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Unlike gold an alpaca will clothe and feed you!
dyfed
Posted: 26 June 2017 18:13:25(UTC)
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Keith Cobby;48272 wrote:
Unlike gold an alpaca will clothe and feed you!


and mow your lawn!
King Lodos
Posted: 26 June 2017 19:55:16(UTC)
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Unfortunately alpacas don't negatively correlate with stocks, so their value as portfolio hedges is debatable.

My IFA has suggested the 'GOLD' marking on the male alpaca might be a map, and the gold may be located inside the alpaca .. Sure enough, since the delivery of the second alpaca my account balance with goldmoney is £0 .. I'm hiring a metal detector to get to the bottom of all this.
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dyfed on 26/06/2017(UTC)
J Thomas
Posted: 26 June 2017 20:21:08(UTC)
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The secret to owning gold is you must hold the real physical metal yourself, either in your own safe at home or in your local bank which only you and your next of kin can access.

Never trust your gold to a third party, nor to any outside investment dealers. You may have a paper claim over the assets, however that will be worthless if the business folds or the assets are seized by whoever the local jurisdiction decides should own the gold or share interest.

The only non physical gold assets I own are shares in Randgold, which are now showing a gain of 67%. I sold my original capital stake last year, so the remaining shares are now free money.

I own about 4% of my assets in numismatic antique gold and if you are experienced they can be superb investments. I recently facilitated the sale of a graded 1711 Queen Anne double guinea for over $35,000, originally purchased in 1947 for $75.

Remember: If you don't hold it, you don't own it.

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Jon Snow on 26/06/2017(UTC), Mickey on 26/06/2017(UTC)
Jon Snow
Posted: 26 June 2017 21:21:08(UTC)
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J Thomas;48278 wrote:

The secret to owning gold is you must hold the real physical metal yourself, either in your own safe at home or in your local bank which only you and your next of kin can access.

Never trust your gold to a third party, nor to any outside investment dealers. You may have a paper claim over the assets, however that will be worthless if the business folds or the assets are seized by whoever the local jurisdiction decides should own the gold or share interest.

The only non physical gold assets I own are shares in Randgold, which are now showing a gain of 67%. I sold my original capital stake last year, so the remaining shares are now free money.

I own about 4% of my assets in numismatic antique gold and if you are experienced they can be superb investments. I recently facilitated the sale of a graded 1711 Queen Anne double guinea for over $35,000, originally purchased in 1947 for $75.

Remember: If you don't hold it, you don't own it.



Indeed; and to emphasise your point and a warning from recent history -

https://taxfreegold.co.uk/harveyross.html






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J Thomas on 26/06/2017(UTC)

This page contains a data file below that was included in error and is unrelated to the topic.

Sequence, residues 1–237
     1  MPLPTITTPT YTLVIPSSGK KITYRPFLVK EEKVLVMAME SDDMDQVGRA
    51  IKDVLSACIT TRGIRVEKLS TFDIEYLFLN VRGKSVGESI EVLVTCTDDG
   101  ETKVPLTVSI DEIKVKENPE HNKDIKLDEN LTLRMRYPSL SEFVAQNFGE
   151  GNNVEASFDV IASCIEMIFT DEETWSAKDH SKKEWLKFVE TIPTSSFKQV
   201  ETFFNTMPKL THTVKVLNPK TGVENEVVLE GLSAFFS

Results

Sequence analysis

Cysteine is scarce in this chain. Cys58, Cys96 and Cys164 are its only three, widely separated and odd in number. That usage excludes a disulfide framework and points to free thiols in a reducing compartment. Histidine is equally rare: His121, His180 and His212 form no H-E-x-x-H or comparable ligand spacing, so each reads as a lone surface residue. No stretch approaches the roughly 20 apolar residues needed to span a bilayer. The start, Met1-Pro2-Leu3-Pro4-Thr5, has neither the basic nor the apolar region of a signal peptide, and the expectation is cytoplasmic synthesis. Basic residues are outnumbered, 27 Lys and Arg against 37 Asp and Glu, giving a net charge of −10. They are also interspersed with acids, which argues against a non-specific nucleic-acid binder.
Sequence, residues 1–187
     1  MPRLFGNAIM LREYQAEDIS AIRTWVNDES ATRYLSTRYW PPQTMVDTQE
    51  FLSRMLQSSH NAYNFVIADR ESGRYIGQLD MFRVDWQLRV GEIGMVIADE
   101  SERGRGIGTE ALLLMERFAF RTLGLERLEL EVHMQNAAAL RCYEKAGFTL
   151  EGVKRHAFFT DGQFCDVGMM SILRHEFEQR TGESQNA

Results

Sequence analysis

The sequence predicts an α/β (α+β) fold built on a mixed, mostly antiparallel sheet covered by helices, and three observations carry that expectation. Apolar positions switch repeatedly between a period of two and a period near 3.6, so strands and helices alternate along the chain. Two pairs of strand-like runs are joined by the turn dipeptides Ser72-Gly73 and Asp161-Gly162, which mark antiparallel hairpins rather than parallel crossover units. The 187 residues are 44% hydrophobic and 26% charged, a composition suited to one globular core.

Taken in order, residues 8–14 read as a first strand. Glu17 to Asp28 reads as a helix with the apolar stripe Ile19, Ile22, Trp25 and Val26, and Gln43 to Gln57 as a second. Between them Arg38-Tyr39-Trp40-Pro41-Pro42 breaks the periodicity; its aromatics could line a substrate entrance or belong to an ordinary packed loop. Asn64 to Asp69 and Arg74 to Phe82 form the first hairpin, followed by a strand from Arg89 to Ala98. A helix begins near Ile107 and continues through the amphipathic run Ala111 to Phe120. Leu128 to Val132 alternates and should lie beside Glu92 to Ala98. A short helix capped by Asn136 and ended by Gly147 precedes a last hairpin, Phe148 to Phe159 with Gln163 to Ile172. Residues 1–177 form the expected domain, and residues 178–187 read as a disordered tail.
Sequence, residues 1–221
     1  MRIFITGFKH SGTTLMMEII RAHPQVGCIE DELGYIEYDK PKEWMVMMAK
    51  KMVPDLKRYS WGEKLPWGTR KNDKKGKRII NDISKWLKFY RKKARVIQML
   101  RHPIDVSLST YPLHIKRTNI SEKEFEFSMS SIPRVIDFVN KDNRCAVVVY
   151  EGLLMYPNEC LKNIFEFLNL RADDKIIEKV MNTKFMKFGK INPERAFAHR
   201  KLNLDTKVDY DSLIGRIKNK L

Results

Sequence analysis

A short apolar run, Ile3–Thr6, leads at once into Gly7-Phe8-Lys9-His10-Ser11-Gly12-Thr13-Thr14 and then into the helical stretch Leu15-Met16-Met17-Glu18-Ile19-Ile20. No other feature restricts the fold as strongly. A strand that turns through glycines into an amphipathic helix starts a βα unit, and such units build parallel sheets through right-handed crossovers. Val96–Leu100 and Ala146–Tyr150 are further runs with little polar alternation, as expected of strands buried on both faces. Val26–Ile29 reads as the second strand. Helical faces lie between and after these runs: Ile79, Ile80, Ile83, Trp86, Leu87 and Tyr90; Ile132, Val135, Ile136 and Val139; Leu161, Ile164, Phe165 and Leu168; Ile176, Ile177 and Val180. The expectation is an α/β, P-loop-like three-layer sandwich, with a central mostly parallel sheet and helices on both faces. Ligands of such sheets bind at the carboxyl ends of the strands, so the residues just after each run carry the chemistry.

King Lodos
Posted: 26 June 2017 22:35:06(UTC)
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A lot of people in the financial industry – who a) have a lot of wealth, and b) realise how fragile the whole system is – tend to have quite a lot of their own wealth in physical gold and other real assets.

But gold can be a good trade too, and then you really want the liquidity to buy and sell quickly.

e.g. George Soros usually buys the SPDR Gold ETF .. I think Troy Trojan and possibly Ruffer use it too .. There are a lot of advantages to not having to transport, store and auction physical gold if you're using it as a portfolio tool.
1 user thanked King Lodos for this post.
J Thomas on 27/06/2017(UTC)
GeneralZod
Posted: 03 July 2017 12:30:14(UTC)
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A story. About 2 years ago, I posted on here something along the lines of “High risk. Wanna make a quick buck. Money to burn. What you got for me?” Dr Sellwood posted back: “Gold. “ He pointed me towards a fund called Smith and Williamson. He said it was risky but might be worth a go if I’m the type of person who likes a risk e.g. having a roast dinner on a Friday evening, sitting in the back of a car without a seatbelt on, that type of thing.

So, I put in a grand and watched it turn into around £1400 rather quickly. I mentioned this to a financial advisor I know one day. I don’t actually have a financial advisor; he just happens to be someone I know. It was actually the one who’d told me to put all my money in Neil Woodford’s fund. Financial guru said: “Good. Take the money out now and you’ve made £400 profit.” (honestly: it’s at times like that I wish I’d studied economics at University).

But I didn’t. I looked at the Morningstar grid and noticed gold was still WAY off where it had once been valued. There was still a lot more milk in this cow and I was gonna work the udder. So, I added another grand. The arrogance I displayed. And, I believe, I added another grand sometime later. In total – I profited around £2,000; maybe a bit more. If you hop onto Morningstar and have a look at the S&W grid, you’ll see a huge surge during 2016. Well, I rode that very wave.

I do recall one particular day where it dropped so much – It was like 8% or 9% - I cried non-stop for about 4 hours, but, after I decided to pull out of gold completely – not quite at its peak but not far off – I was quite content. I never went back and I’m pleased. I rode the wave nicely and I got sick and tired of reading stuff every day saying: “Gold set to PLUNGE!” or “Professor Gobshotter from Pittsburgh University says gold is said to rocket: sell your house, your car, your wife, use the money to BUY GOLD! GOLD! GOLD!!” I’d made a few dollars thanks to Mr Sellwood and whilst I wasn’t quite ready to go out and buy a big oak desk and sit behind it smoking a $150 Cuban cigar and contemplating early retirement in the Cayman Islands, I realised Nationwide cash ISAs really are rubbish.
1 user thanked GeneralZod for this post.
chazza on 05/07/2017(UTC)